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Re: objcopy does not affect STB_GNU_UNIQUE symbols


Hi Nick, many thanks for the detailed reply. More below.

On Fri, 22 Jul 2016, Nick Clifton wrote:

> > I can see the developer of the C++ library has made their intent clear, 
> > but should it not really be in the hands of user of the library to have 
> > final say in the 'scope' of these? This boundary of the process is 
> > somewhat artificial; there may be other boundaries.
> 
> OK - first off, let me state that I am not a C++ expert by any means,
> and that I would *strongly* recommend that you take this up on the gcc@gcc.gnu.org
> mailing list where you are likely to find such experts.

Of course -- my apologies. I didn't make the connection that, of course, 
C++ details are coming from elsewhere.

I'm also relatively new to this level of detail in C++ and linker 
semantics.
 
> > The software is implemented in C++ but exports only a simple "C" API. The 
> > only global symbols are those we expressly make visible after linking the 
> > library.
> 
> As an aside, are are you aware of the new "import library" generation feature
> now supported by the linker.  I am not sure if it exactly matches your 
> requirements, but it might be worth investigating.

I wasn't, and I'll look at this in due coure; thanks.

> >> If you convert a unique symbol into a local symbol you will destroy this 
> >> requirement, and basically, your C++ code will stop working.
> > 
> > Can you be more specific?
> 
> Not really - I was trying to anticipate what real C++ library experts would
> say.  My assumption is that unique symbols really do need to be unique or
> else something will go wrong.  Precisely what though, I do not know.
> 
> My guess would be that if your library contains two instances of the same,
> unique, symbol then by converting them into local symbols you will end up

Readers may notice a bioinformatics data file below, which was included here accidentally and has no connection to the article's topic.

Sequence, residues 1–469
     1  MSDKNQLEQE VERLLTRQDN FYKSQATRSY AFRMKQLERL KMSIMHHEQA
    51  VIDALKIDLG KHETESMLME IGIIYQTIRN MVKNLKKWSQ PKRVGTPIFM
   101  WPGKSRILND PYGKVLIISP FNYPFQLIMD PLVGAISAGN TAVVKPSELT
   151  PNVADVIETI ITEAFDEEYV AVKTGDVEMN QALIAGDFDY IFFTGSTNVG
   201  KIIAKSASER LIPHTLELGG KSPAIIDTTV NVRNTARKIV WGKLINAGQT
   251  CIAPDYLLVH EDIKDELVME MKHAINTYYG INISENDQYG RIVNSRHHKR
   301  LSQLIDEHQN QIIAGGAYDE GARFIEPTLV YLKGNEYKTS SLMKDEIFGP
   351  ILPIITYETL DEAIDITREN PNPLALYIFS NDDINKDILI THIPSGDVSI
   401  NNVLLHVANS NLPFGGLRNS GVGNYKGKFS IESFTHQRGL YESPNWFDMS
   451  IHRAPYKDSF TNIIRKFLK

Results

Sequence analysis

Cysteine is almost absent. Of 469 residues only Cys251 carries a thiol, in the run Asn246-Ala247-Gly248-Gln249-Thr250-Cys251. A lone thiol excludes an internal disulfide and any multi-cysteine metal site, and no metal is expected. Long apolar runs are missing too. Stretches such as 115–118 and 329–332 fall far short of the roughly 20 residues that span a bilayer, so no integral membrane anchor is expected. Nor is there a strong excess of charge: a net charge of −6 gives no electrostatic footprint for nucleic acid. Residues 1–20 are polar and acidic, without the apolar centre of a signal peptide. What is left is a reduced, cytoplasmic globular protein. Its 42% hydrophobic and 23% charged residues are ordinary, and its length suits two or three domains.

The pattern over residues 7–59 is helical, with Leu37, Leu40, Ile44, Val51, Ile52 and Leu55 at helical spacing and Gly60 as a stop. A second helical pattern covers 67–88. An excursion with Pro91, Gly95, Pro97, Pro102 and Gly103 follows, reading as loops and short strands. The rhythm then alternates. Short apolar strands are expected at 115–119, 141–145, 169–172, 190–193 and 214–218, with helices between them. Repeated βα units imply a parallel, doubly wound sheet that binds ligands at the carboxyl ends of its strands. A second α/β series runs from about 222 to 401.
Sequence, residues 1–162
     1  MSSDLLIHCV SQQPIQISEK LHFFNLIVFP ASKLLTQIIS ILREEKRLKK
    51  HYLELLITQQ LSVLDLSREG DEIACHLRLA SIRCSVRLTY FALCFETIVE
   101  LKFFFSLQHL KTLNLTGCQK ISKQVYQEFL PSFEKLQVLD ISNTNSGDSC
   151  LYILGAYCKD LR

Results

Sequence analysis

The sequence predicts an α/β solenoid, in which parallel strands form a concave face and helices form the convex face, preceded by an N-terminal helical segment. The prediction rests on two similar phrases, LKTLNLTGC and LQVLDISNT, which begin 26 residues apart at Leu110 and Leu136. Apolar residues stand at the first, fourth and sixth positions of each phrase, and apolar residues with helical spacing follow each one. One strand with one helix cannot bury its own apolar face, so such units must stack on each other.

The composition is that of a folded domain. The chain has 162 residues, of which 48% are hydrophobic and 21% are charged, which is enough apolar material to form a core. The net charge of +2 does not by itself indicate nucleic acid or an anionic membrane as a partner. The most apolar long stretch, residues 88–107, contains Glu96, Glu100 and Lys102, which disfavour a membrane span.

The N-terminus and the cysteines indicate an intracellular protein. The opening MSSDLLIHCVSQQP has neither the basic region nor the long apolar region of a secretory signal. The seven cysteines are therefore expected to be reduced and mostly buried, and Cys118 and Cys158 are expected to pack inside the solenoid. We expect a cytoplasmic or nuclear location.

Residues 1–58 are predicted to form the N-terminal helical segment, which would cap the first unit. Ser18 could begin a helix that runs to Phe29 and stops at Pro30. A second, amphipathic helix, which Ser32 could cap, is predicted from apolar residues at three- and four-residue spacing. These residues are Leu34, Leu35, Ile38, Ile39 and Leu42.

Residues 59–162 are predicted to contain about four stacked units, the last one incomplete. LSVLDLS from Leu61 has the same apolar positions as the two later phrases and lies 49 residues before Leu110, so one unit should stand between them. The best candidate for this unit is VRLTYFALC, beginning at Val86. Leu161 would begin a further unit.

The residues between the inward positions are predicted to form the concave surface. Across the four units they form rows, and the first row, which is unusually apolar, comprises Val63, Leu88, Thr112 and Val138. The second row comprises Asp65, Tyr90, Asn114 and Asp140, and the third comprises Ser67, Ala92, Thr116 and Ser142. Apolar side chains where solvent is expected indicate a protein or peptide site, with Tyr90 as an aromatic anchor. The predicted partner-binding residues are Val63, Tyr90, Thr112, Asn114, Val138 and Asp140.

> with two separate symbols at run-time, instead of just one.  Depending upon
> how the code is written, this could be serious.  If your code assumes that
> a static variable really is static and shared amongst all instances of a 
> particular class, then having it suddenly become one-copy-per-instance
> could be a very bad thing.

Yes, my assumption too, although perhaps I don't consider the consequences 
to ever be 'bad'. Unlike forcing sharing where it wasn't intended (which 
would be), this won't cause a change in semantics or itself cause a crash.

We already have several processes on the same machine which do not 
'share', and so I don't consider the same happening within a process to be 
really that different.

Processes can even already share resources like memory or file descriptors 
between them, so the developer already has rope to hang themselves if 
they want.

The common example seems to be thread pools and work queues, which you may 
want to share in some scope, or may not.

I think that's why I consider it antisocial if something does have a 
"trump card" to force itself at the process level.

> (It seems to me that what is needed is a way to say that symbol X is unique
> to library FOO, but also hidden to the outside world.  So basically a symbol
> with STB_GNU_UNIQUE binding and STV_HIDDEN visibility.  I wonder if that would
> work...  You might even be able to achieve this by adding an attribute to the
> C++ source code that is responsible for the creation of the unique symbol).

I'm probably late to the party here and marvellously uninformed, but 
looking beyond two tiers of "the library" and "the outside world".

It's logical to use a "hierarchy" of static or dynamic linking at multiple 
tiers; libraries composed to form another library, itself used in another, 
then finally perhaps a .so plugin into a host application.

This does mean only two tiers are necessary, as long as we have the 
ability at each linker stage to encapsulate logically. Perhaps this is the 
feature you suggested above, which I'll look into.

> That said, maybe you would like to try some investigation yourself ?  Attached
> is a small patch to the objcopy program that *might* allow --localize-symbol
> to work on unique symbols as well.  (I say "might" because I have not actually
> tested this patch).  Assuming it works, you can then test your library to see
> what, if anything, is broken by the change.
> 
> I am not currently willing to apply this patch to the official sources.  Not
> without confirmation from a real C++ expert that this would be OK, and 
> confirmation from you that it works.  But at least it is something worth trying.

Thanks for the patch; I would love to give it a try. I am in various 
states of unavailable these next few weeks so it will probably be some 
time before I can.

But I agree that further understanding would be beneficial here.

Many thanks

-- 
Mark


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